The opinion of the court was delivered by: JAMES LARSON, Magistrate Judge
Before the Court is the motion by Defendant United States Postal
Service ("Postal Service") to dismiss the complaint of Plaintiff Nasira
Abdul-Aleem. Plaintiff appeared pro se. Special Assistant U.S. Attorney
Katherine Dowling appeared for the Postal Service. Both parties consented
to this Court's jurisdiction as required by 28 U.S.C. § 636(c).
The Court considered the written pleadings and the arguments of the
parties and hereby grants the motion to dismiss. Plaintiff asserts a
claim for lost mail, when in fact she accidentally dropped her bank
deposit into the mailbox in an envelope without postage. Plaintiff's
deposit into the mailbox was not mail. The Postal Service as a matter
cannot be found liable for her loss since it had no duty of care
under state or federal law regarding non-mail.
On Saturday May 24, 2003, Plaintiff placed several pieces of mail into
a public mail box at the corner of Dwight and Shattuck Avenues in
Berkeley and then realized that she had inadvertently included with the
mail an envelope containing a bank deposit for $180 in cash. The cash was
in an envelope marked with her name, address and telephone number, but no
postage. Plaintiff concedes that "there was no question that it was
not a piece of mail." (Plaintiff's pleading filed September 25,
2003). This occurred at 6:30 p.m., after the last daily pick-up. She
examined the mailbox and read the posted time for the next pick-up, which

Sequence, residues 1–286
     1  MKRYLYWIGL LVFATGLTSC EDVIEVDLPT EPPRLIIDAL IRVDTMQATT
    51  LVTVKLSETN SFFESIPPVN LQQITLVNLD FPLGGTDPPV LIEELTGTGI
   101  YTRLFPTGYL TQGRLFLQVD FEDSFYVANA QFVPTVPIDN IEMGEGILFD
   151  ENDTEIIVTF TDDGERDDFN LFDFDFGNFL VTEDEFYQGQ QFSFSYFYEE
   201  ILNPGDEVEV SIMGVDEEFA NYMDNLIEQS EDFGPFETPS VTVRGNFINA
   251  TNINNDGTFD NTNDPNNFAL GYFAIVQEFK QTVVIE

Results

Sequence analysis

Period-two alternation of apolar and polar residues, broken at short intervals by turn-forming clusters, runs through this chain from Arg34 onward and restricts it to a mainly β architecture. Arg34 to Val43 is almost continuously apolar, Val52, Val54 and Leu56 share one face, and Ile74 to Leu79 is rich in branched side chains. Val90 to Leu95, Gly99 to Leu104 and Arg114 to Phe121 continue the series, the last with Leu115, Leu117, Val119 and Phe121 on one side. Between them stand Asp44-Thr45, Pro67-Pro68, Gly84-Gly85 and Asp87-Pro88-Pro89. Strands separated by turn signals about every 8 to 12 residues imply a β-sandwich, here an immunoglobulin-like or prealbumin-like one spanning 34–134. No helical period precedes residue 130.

was 11:00 a.m. on Tuesday, since Monday was Memorial Day and there was
no time listed for a Sunday or holiday pick-up time.
She arrived at the mailbox at 10:55 a.m. on Tuesday and waited until
after the time had passed but no one came to pick up the mail. She then
contacted the Berkeley Post Office and was told that the mail had already
been picked up earlier as the Postal Service was on a holiday schedule
that day. She asked why this wasn't on the label on the box and the clerk
told her that the label was going to be updated. She checked back a few
months later but the label had not been updated.
She tried to contact the individual letter carrier, the supervisor and
any number of employees of the Postal Service on several occasions to
attempt to trace her deposit envelope. She was unable to receive any
information on the whereabouts of the mail from that particular mail box,
even after checking with the lost and found.
At the hearing before this Court on October 15, 2003, Plaintiff
admitted that she had no verifiable record of the deposit; it was all
cash, with no checks and she did not have a copy of the deposit slip.
(Reporter's Transcript at 7:18-24).
Plaintiff filed suit on August 5, 2003 in Alameda County Small Claims
Court, requesting a total of $280; $180 for the return of her money and
$100 for "trouble
recouping my money." (Ex. A to Notice of Removal). Defendant
removed the case to this Court on September 3, 2003. The procedural
defect of Plaintiffs failure to file an administrative claim was cured.
She filed her claim, which was denied by the Postal Service; and she then
re-filed her complaint in this Court and served the United States.
The Postal Service moves for dismissal for lack of subject matter
jurisdiction, that Plaintiff failed to serve the United States and that
there is no cause of action under the Federal Tort Claims Act,
28 U.S.C. § 2672 et seq. ("FTCA") for lost mail. The Government, as the
sovereign, is immune from suit except as it consents to be sued, and the
Postal Service does not consent to be sued for ...